What do you Need to Live Full-time in an RV?

What do You Need to Live Full-time in an RV? 

Many people are rethinking traditional housing in favor of residences that afford them more freedom. These homeowners consider alternatives that range from tiny houses that enforce downsized living to live-aboard boats that allow them to set sail to paradise at a moment’s notice. RVYou will find that full-time recreational vehicle (RV) living is one of the most popular alternative housing options. To the delight of RV dealers, people in a range of demographics are trading in their house keys for ones that can power homes on wheels. There is the young couple that works full-time via the internet and wants even more freedom to explore sites across the continent. There is also the self-sufficient family that plans to give its homeschooled children more experiential learning options than they would normally have while studying in a fixed residence. Seniors and retirees have long dominated this adventurous group and have earned the snowbird moniker for their notable weather-motivated migrations.

Those of you who are considering full-time RV living may wonder what type of gear would be needed to live in a large, moving vehicle year-round. You may guess that you would require many of the things that you would use in a regular home; everything would just be miniaturized. While this may be the case in many instances, there are some other subtle differences between must-have items for full-time RV living and fixed site homes. Here is an abbreviated list of items that many full-time RV residents consider to be indispensable.


#1 Reliable Internet Access 

If you are self-employed, a reliable way to get and stay online will be at the top of your list of must-have RV items. If you plan to venture to remote camping destinations, you’ll probably want to invest in mobile satellite internet. If you believe that your adventures will be closer to civilization, wireless broadband internet with a reputable carrier may be a more affordable option.


#2 Travel Berkey Water Filtration System 

Tap water that comes to your fixed-site residence is questionable enough, but you may definitely be putting your gastrointestinal system at risk by drinking water from campground hook-ups or random mountain streams. One easy way to ensure that you get clean drinking water while on the go is to bring along a high-quality water filtration system. The Berkey filtration system is portable, comes in a number of sizes and produces water that is considered to be purified. The Travel Berkey fits on the counters of most RVs and requires no electricity.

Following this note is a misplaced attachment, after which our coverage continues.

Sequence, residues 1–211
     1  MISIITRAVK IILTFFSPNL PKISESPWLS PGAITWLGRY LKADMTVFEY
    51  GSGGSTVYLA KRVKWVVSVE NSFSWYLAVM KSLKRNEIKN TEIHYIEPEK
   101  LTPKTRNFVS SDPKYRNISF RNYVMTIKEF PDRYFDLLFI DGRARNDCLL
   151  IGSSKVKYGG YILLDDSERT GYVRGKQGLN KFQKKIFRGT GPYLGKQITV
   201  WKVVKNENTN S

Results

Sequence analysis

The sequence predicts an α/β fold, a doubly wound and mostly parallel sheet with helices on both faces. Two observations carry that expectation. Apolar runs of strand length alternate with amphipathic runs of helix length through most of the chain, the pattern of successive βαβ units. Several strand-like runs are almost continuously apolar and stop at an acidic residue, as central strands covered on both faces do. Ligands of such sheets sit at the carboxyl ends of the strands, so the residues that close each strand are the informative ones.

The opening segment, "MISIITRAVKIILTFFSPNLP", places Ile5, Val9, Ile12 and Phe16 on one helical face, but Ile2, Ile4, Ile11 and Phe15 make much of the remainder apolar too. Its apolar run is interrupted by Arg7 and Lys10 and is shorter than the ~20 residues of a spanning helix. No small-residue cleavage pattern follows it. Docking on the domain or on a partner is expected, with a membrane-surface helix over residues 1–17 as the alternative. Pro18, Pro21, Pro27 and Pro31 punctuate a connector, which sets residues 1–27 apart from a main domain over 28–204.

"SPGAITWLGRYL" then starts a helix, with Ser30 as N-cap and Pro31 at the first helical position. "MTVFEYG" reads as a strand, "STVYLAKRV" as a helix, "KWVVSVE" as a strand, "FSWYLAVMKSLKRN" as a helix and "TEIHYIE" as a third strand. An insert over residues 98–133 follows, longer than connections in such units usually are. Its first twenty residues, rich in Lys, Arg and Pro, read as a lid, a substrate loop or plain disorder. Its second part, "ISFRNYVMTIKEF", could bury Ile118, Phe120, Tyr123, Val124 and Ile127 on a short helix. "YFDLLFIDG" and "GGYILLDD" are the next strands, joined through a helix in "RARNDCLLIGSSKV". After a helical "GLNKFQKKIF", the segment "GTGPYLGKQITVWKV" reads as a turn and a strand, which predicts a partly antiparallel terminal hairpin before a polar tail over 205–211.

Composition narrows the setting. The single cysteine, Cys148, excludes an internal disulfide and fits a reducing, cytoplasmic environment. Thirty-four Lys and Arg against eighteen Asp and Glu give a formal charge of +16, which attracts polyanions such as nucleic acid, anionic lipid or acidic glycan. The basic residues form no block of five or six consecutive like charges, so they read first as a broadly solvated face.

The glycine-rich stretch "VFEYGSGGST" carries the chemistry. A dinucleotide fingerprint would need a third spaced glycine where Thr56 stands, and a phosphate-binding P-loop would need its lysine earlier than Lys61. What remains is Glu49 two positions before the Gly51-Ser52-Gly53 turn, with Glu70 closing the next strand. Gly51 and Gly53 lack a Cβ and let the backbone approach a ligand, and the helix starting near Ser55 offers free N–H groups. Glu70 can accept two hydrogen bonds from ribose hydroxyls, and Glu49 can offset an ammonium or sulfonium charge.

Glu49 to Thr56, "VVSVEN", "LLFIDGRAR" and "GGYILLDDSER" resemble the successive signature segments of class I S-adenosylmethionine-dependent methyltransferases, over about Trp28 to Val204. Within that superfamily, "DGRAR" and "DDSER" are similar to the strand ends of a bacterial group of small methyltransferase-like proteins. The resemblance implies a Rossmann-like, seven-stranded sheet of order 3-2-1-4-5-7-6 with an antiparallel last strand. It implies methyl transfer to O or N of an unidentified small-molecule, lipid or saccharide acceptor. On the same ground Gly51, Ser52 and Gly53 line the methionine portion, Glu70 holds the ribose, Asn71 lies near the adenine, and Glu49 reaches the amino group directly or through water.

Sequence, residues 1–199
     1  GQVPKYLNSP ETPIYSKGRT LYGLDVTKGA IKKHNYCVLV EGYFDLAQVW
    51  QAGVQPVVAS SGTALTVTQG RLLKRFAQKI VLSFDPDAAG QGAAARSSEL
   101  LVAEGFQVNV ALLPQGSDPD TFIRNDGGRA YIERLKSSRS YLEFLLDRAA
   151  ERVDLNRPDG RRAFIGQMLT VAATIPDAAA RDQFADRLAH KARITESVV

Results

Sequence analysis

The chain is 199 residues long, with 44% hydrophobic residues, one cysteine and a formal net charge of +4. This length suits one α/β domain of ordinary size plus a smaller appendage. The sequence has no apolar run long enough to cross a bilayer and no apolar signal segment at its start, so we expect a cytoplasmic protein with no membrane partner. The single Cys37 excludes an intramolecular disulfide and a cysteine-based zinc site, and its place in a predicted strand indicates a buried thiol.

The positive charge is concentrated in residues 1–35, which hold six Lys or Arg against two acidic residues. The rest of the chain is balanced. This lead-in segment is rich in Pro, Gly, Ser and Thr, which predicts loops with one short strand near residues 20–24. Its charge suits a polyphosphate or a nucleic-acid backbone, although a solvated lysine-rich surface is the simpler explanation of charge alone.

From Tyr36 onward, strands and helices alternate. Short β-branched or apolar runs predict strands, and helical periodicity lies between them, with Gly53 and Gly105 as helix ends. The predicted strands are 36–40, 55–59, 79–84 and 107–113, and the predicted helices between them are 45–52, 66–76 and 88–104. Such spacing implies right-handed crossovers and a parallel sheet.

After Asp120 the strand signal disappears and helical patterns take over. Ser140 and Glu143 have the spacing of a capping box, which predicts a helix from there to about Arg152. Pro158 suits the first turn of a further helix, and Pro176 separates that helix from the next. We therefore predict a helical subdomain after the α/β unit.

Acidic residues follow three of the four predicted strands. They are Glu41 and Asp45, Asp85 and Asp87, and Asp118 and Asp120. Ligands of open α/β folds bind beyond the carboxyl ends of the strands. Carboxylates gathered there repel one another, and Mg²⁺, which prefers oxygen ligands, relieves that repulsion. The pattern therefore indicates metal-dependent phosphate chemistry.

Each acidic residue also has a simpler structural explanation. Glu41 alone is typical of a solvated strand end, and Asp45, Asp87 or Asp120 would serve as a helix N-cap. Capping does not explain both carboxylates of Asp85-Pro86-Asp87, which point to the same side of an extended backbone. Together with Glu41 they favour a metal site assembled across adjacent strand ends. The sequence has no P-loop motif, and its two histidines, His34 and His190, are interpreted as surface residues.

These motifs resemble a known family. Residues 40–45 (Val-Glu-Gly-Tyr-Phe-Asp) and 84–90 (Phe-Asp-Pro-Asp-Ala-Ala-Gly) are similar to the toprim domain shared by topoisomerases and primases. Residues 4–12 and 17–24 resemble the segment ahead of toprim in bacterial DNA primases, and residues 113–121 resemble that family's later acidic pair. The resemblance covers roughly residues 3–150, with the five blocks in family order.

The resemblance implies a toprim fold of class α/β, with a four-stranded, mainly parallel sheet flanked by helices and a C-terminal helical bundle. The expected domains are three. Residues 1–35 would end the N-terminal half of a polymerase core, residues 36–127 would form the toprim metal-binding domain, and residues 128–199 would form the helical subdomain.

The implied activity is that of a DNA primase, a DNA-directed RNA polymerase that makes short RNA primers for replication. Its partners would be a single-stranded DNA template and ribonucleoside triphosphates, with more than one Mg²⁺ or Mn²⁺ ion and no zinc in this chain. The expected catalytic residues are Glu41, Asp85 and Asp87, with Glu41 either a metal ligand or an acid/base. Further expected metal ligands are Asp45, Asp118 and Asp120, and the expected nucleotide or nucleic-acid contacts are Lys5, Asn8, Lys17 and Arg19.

#3 Infotainment System 

While you will invariable consider the information rather than the entertainment portion of an RV’s infotainment system to be essential, both are highly valued by modern RV owners. In particular, these systems contain navigational features as well as weather and traffic reports that are highly useful for full-time RV living.


#4 Solar Panels for Off-Grid Power 

Most camp grounds have electric hook-ups, and RV owners pay for their use. If your appliances are powered by alternative energy sources, you can possibly save on utility fees by not using the power at campgrounds. This independent power source is also useful when you travel to primitive camp sites. Establishment of off-grid power for RVs is most often done with the installation of solar panels.


virtual mailbox

#5 A Virtual Mailbox for Your Postal Mail 


Traveling around full-time in an RV can make getting your postal mail a real challenge. What address do you use when you are constantly on the move? Signing up for a virtual mail account solves this problem. With a virtual mailbox, you receive scanned images of your mail on your computer, tablet or smartphone. You then decide what to do with your mail. You can have it scanned, forwarded, shredded or put into long-term storage.  


#6 A Bookmark for Good Sam’s Club Campground Directory 

The Good Sam’s Club represents a group of RV owners who originally were concerned with ensuring safe RV travel. Since many RV owners on America’s roads are members, you will recognize the unmistakable willingness of most RV travelers to be “Good Samaritans” to fellow RV travelers in need. A comprehensive directory of RV parks throughout the United States and Canada is a part of the Good Sam’s Club offerings on its website.


#7 Space-Saving, Multi-Tasking Appliances 

If you want to enjoy the same quality cuisine that you can make in a fixed-site home, you will need similar appliances. The ones that you choose for your new residence should have multiple uses. For instance, you can use the low-profile, high-powered Blendtec blender as a multi-purpose food processor to make smoothies, nut butters, soup, ice cream, flour and much more. Other useful devices include a Crock-Pot and a toaster oven that can mounted under a cabinet. A portable, outdoor grill is also a good way to keep cooking smells outdoors and away from your compact living space.


#8 Plastic Storage Bins 

RVs are designed to withstand all types of precipitation, but accidents happen. Storms can bring damaging leaks, and it is best for you to have plastic storage bins on hand to protect electronics and important documents.